I would pray this every time I thought of Dana and pray it more passionately and desperately each time. The more I prayed, the more panicked I felt that it might not be answered. My anxiety would rise and I did nothing to encourage Dana.

Now when I hear such a prayer request, I pray something like this: God, I simply lay Dana at your feet. It’s nothing for you to heal her, and that’s what we want, but you know what you are trying to do in her life. I trust you in her and ask that she will trust you too.

And that’s all I pray. I simply trust God in his power and goodness to do what is best, no matter what I think that is. When Dana comes to mind after that, I simply lay her at Jesus’ feet again and rest in who God is. What that means for my spiritual life is that instead of feeling discouraged and overwhelmed, I feel confident and free. I am more rooted in God’s character than I am in the needs of people. This has been tremendously freeing and has made me love and trust God more in my own life. It has also brought me a tremendous sense of joy and peace. I enjoy God more and actually want to interact with others rather than avoid them because their needs are too big for me.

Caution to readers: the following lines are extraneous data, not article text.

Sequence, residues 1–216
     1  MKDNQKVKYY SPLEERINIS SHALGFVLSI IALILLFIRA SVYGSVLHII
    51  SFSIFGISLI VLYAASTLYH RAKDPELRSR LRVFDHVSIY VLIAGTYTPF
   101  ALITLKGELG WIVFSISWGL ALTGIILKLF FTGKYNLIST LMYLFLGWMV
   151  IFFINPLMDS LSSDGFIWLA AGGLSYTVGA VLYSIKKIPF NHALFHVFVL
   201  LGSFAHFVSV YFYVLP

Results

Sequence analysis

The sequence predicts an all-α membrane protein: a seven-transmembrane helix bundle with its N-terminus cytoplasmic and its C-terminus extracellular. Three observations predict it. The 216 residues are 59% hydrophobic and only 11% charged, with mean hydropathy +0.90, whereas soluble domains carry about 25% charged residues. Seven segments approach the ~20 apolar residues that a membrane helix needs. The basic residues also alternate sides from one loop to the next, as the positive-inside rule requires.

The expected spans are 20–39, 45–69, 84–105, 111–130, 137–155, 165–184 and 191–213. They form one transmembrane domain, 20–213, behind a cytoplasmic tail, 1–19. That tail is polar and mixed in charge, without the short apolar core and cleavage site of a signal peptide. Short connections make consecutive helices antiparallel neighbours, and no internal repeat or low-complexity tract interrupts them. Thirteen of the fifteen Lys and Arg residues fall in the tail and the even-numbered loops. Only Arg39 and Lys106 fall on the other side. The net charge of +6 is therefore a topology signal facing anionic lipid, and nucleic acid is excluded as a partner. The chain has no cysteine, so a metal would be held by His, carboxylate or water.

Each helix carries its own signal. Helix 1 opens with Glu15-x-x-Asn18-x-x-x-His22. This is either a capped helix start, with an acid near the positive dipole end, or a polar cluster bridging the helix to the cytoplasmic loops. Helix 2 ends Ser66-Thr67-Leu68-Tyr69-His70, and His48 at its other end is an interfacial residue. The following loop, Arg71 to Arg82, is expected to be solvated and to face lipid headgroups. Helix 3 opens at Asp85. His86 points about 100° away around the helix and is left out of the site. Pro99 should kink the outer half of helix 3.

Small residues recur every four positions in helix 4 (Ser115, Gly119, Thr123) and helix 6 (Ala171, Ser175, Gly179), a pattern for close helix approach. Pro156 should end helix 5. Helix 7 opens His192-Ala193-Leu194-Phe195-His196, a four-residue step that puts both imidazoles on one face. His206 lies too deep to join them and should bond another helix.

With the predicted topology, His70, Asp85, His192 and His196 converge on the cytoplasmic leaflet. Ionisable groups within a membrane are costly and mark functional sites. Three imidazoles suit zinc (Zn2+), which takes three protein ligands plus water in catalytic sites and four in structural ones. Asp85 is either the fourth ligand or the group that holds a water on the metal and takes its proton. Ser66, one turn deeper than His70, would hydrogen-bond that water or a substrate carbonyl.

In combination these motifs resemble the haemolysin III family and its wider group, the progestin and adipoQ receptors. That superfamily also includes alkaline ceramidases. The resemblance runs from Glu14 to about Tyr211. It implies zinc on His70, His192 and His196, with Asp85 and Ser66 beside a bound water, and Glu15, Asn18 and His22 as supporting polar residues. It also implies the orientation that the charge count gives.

As church leaders, we can set an example that is contagious. When we are freed up to pray for others biblically, we help them do the same. Our contentment will be evident to all and we will be pointing to the One who is far greater than any problem we can face.

JoHannah Reardon still prays for people in her church but enjoys it a lot more. Find her family devotional and many novels at www.johannahreardon.com.